Page 1: Biography
Averill, Leslie Cecil Lloyd
Soldier, doctor, medical administrator, community leader
This biography, written by Geoffrey W. Rice, was first published in the Dictionary of New Zealand Biography in 2000.
Leslie Cecil Lloyd Averill was born in the vicarage of St Michael and All Angels, Christchurch, on 25 March 1897, the son of Alfred Walter Averill and his wife, Mary Weir. His father, the vicar, was later archbishop and primate of the Anglican church in New Zealand. Leslie began his education at William Wilson’s private school for boys in Cranmer Square in 1904, before entering Christ’s College as a day boy in 1908. When his father was appointed bishop of Waiapu in 1910, he and his elder brother Walter became boarders at Christ’s College. Leslie captained the second rugby XV and was selected for the first cricket XI. He was made house prefect and then school prefect in 1915. He studied languages and Classics, and a good mark in Greek in the matriculation exam qualified him for the medical preliminary. His ambition to become a doctor was possibly fired by the scene of an amputation in a cyclorama of the battle of Gettysburg which he saw at the 1906–7 New Zealand International Exhibition in Christchurch.
Averill began his medical intermediate at Auckland University College in 1916, where he played in the first XV. When his friend Paul Clark volunteered for the First World War in 1916, so did Averill, despite parental qualms. After training at Trentham Military Camp, both succeeded in gaining commissions. An article in New Zealand Truth alleged that Averill had been given a commission because he was the son of a bishop, but in fact he had been placed in the top 7 of about 120 in an open examination. He left New Zealand on 8 February 1918 with the 34th Reinforcements and was posted as second lieutenant in the New Zealand Rifle Brigade at Brocton camp. After 12 days in hospital with measles, he joined the brigade in France in May.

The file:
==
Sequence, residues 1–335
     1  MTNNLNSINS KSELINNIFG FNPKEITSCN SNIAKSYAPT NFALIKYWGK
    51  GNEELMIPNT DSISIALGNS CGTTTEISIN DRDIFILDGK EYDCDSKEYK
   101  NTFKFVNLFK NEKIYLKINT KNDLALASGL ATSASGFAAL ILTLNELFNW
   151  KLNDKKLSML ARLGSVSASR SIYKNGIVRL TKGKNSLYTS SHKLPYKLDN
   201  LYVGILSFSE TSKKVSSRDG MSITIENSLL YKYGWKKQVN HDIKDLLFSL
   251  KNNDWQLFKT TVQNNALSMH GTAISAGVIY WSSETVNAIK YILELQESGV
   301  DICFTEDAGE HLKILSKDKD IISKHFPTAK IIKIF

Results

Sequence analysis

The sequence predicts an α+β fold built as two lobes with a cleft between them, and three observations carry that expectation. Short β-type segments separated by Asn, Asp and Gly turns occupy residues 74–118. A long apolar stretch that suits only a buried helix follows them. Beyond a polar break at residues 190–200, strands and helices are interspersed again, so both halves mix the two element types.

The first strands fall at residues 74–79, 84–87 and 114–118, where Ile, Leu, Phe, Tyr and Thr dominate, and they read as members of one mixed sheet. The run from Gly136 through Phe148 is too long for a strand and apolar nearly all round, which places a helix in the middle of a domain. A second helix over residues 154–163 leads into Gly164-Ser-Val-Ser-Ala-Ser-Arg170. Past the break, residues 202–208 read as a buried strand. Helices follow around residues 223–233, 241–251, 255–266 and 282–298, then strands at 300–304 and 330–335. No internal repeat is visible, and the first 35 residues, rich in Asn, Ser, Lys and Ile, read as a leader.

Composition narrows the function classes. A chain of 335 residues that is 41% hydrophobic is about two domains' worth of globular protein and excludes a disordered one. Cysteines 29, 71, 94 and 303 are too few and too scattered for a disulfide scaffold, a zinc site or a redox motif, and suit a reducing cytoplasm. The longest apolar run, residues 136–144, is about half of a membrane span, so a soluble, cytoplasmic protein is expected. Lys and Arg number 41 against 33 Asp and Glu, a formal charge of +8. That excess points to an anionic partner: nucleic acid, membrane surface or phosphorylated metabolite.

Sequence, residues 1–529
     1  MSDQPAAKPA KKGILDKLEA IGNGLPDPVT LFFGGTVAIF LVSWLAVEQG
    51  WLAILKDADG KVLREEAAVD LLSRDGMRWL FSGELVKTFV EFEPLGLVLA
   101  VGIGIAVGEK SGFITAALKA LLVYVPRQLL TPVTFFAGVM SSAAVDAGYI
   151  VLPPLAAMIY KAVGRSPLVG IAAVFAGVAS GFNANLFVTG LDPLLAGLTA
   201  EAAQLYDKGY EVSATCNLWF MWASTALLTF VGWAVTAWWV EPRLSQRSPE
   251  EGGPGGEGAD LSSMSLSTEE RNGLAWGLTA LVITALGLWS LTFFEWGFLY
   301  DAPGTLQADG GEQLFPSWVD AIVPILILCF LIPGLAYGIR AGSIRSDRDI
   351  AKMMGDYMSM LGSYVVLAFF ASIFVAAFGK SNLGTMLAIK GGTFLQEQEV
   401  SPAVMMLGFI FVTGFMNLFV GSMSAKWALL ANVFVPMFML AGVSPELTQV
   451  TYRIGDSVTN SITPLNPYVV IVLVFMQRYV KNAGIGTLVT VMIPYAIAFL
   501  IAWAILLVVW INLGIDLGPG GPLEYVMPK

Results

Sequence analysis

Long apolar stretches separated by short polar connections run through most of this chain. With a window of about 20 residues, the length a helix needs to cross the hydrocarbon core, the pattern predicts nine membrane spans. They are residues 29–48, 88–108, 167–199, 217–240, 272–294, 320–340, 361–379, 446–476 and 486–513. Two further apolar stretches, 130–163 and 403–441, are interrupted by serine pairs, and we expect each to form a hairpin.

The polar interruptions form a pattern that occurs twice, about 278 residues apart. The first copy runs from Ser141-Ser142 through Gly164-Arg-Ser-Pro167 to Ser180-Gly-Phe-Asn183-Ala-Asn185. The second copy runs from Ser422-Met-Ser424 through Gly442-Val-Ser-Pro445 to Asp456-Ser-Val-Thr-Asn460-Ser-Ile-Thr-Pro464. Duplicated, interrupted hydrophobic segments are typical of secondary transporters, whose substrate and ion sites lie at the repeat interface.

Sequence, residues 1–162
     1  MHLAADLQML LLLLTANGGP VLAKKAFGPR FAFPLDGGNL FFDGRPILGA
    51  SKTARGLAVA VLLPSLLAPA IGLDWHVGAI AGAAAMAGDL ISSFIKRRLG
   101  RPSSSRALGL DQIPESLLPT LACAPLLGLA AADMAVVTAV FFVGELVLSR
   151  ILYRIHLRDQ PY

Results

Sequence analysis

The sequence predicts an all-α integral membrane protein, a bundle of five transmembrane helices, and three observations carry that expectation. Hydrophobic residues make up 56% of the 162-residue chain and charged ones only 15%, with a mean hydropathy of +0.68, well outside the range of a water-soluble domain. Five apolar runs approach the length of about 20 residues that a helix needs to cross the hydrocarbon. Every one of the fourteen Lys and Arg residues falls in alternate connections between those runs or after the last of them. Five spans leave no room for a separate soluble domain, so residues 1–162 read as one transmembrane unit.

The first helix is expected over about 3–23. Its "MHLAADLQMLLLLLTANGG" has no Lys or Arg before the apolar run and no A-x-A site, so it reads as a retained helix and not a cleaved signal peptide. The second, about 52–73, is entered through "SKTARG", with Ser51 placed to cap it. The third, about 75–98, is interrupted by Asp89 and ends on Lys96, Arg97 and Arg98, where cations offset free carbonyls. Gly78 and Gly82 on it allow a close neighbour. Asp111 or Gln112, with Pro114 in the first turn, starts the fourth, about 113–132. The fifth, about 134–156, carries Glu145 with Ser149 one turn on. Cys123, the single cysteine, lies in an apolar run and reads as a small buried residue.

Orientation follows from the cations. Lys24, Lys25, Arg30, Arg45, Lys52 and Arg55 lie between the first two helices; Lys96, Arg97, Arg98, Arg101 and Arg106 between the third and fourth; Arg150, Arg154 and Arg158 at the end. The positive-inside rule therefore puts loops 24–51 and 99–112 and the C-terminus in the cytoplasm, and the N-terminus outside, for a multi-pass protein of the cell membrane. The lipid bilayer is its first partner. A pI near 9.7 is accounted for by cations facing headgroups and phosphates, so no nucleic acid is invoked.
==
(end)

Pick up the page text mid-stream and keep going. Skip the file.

Averill was awarded the Military Cross for exceptional gallantry and fine leadership during the assault on Bapaume in August 1918, where Clark was killed. However, the exploit for which he is best remembered is the capture of Le Quesnoy on 4 November. The Allies could not shell the old walled town because thousands of French civilians were sheltering within it. The New Zealanders found a lightly defended section of the 60-foot wall, and Averill was the first to enter the town from a scaling ladder. As the New Zealanders poured in the Germans surrendered, and Averill helped round up over 700 prisoners.
The war ended the following week and he went on leave to England. There he advised the official war artist, G. E. Butler, who was painting the entry to Le Quesnoy for the New Zealand government’s war collection. In 1923 Averill returned to Le Quesnoy with Marshal Joffre and Sir James Allen for the unveiling of the New Zealand war memorial, designed by the Christchurch architect Samuel Hurst Seager.
After serving briefly in the army of occupation in Germany, Averill won a New Zealand Expeditionary Force scholarship in October 1919 to study medicine at the University of Edinburgh. There he was president of the athletics club and captain of the first XV (1922–23), and rowed for the university in 1921, gaining the rare distinction of a double blue. He qualified MB, CM in 1922, MD in 1924, and was elected FRCSE in 1925. By then he was engaged to a fellow medical student, Isabella Mary Wilkie Roberton, daughter of an Auckland doctor. She qualified MB, ChB in 1922, and Leslie returned to New Zealand to marry her in Auckland on 25 November 1925. They were to have three daughters and two sons. Isabel had been a house surgeon and locum but did not practise after their marriage, except for a few temporary positions. Instead she devoted her life to her family and her husband’s career. She was actively involved in the National Council of Women of New Zealand, the Girl Guides and Te Wai Pounamu Māori Girls’ College.